Planning ahead of time ensures you are equipped with all your supplies to help you manage your diabetes on a holiday or a work trip. For a personalised travel checklist, please reach out to our team of doctors and health coach at MyDoc to help you manage your diabetes so you can enjoy your trip fully.

MyDoc healthcare team,
Claudia, dietician

Popular posts from this blog

Tuesday Tips: Haze survival tips

Over the weekend, the Pollutant Standards Index in Singapore has reached 3 digits, the first time in 3 years! As a rule of thumb, anytime the PSI goes into 3 digits, it's bad news.

We can't control the weather, but we can give you a few tips to help with minimising the effects of air pollutants on our eyes, nose, throat, and lungs.

(picture from www.theonlinecitizen.com)
1. Stay indoors. 
This may be obvious, but yes, close the doors and the windows or any openings that may let dirty air sneak in. Turn on the air conditioner or the air purifier (if you have one). Your electric bill won't thank you, but it's better than getting a hospital bill. Avoid outdoor activities - you can always join a gym if you're afraid of missing out on your cardio.

2. Wear appropriate masks.
A lot of us commute to work and it's inevitable we will be breathing in the air outside. Surgical masks won't be able to effectively filter the air pollutants, so grab yourself some respirators…

Prudential, MyDoc to launch online doctor consultations, telemedicine services to Asian consumers

HONG KONG, CHINA - 5 August 2019 - Prudential Corporation Asia ("Prudential") today announced it will partner with telemedicine provider MyDoc to offer consumers access to value-added health services on their mobile phones, including doctor consultations, electronic prescriptions and electronic medical certificates. Prudential is a leading life insurer and asset manager in Asia with over 15 million customers and £151 billion in assets under management. Singapore-based MyDoc, founded in 2012, is a leading digital healthcare provider in Asia. MyDoc's services will be integrated into Pulse by Prudential, the first app of its kind in the region offering holistic health management to users. Pulse features self-help health and wellness tools, a symptom checker powered by Artificial Intelligence, and other value-added services. The Pulse app will launch in 11 markets across Asia, and can be downloaded for free. MyDoc offers patients a video consultation with a doctor through Pulse…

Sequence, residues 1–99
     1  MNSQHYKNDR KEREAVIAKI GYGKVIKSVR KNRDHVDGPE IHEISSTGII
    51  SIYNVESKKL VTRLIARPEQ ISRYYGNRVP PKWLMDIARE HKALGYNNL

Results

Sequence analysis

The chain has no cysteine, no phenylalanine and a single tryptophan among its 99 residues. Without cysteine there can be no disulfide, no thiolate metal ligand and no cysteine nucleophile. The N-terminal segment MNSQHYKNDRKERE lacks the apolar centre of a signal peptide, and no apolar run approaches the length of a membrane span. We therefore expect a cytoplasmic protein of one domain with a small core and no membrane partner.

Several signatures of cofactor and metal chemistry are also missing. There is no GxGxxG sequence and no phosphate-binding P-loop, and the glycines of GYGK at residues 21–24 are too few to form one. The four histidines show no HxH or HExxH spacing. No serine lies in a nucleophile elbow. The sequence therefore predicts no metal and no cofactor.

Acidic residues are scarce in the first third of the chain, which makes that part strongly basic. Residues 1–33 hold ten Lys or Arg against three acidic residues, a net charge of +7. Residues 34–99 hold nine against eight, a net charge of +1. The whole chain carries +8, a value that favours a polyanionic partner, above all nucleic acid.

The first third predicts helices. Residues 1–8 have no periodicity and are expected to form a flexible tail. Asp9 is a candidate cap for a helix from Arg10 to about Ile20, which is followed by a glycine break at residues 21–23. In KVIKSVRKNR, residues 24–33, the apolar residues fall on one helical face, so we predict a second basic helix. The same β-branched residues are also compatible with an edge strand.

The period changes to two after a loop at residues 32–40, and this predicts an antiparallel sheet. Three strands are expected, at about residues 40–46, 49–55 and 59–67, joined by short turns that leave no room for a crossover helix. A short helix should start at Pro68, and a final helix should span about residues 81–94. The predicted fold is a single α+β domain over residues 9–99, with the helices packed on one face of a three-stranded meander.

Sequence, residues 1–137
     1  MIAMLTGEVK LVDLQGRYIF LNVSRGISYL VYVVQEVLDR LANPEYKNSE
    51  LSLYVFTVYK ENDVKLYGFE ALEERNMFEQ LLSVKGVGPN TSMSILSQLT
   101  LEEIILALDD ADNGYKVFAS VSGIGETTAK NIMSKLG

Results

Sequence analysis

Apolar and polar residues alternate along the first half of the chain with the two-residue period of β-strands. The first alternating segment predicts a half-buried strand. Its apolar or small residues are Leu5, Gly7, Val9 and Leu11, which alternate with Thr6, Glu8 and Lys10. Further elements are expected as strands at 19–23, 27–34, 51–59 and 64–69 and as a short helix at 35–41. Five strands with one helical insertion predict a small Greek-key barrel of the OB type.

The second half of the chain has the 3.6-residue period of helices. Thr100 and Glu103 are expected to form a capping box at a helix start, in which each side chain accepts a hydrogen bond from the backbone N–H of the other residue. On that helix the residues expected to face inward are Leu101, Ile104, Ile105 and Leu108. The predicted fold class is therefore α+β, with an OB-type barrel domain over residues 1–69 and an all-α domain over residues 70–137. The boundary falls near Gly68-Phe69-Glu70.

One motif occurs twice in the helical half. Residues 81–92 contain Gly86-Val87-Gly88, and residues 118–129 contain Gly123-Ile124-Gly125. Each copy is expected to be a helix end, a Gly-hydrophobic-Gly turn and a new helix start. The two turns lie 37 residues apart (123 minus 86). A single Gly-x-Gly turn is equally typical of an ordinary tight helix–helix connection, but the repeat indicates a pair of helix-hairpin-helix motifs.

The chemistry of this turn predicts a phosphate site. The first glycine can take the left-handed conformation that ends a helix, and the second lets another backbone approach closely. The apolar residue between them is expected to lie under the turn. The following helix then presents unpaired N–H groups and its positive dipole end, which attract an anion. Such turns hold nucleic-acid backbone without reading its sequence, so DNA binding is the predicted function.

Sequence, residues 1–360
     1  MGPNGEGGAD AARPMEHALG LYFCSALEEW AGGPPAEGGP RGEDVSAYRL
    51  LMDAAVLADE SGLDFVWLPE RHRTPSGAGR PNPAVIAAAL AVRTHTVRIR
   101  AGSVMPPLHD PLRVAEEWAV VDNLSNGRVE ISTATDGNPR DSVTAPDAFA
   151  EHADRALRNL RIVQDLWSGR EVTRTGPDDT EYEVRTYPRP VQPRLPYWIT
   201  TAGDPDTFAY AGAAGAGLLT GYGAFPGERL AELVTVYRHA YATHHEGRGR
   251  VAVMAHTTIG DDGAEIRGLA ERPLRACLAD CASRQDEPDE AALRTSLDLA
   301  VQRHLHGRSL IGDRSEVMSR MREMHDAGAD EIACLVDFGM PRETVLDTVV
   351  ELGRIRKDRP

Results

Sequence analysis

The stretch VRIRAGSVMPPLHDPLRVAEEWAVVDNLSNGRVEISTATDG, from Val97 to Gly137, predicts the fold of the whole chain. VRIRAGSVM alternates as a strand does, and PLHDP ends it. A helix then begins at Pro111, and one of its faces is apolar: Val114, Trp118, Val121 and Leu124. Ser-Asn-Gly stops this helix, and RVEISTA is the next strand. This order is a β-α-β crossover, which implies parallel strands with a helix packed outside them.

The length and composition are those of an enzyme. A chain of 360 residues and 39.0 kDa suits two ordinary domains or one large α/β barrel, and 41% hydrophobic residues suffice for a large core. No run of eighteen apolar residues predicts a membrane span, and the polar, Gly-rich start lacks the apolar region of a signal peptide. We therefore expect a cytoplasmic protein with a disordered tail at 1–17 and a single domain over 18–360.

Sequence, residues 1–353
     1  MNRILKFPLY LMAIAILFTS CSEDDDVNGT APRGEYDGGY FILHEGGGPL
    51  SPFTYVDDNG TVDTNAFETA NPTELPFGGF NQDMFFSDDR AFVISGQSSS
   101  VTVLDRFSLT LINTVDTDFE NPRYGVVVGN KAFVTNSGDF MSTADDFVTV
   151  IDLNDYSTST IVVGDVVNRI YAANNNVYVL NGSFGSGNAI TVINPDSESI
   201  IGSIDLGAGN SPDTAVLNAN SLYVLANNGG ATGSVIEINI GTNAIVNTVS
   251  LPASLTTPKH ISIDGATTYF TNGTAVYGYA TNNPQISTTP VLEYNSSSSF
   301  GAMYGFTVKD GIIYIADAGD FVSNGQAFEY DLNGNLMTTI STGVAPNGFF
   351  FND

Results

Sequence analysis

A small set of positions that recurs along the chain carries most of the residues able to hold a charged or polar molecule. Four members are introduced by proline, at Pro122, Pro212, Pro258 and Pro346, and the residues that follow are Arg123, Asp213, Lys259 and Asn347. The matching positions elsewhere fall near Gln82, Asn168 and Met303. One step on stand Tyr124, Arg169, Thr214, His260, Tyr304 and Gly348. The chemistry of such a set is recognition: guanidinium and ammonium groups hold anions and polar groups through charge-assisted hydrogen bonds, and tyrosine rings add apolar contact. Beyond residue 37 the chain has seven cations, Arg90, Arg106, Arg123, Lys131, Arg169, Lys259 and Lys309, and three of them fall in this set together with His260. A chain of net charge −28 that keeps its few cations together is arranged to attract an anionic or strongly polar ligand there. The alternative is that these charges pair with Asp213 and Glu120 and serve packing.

Singapore's MyDoc, UK's Synergix Health to jointly offer telemedicine services across Europe and Asia

SINGAPORE telemedicine provider MyDoc is teaming up with UK digital healthcare firm Synergix Health to jointly provide telemedicine services across Europe and Asia, the companies announced on Monday. Synergix and MyDoc will provide online and in-person medical advice to a combined user base of close to 500 corporate clients, through the integration of their digital platforms and patient networks. Users will be able to access the services round-the-clock, in several languages including English, Mandarin, Cantonese, Bahasa and Hindi. “Through this partnership, patients will be able to experience coordinated management of their health conditions, order repeat prescriptions, and connect to licensed clinicians through telemedicine services, all with zero interruption of service across Europe and Asia,” said Vas Metupalle, co-founder of MyDoc, in a media statement. Bayju Thakar, co-founder of Synergix, added that his company was thrilled to share its expertise in providing seamless access …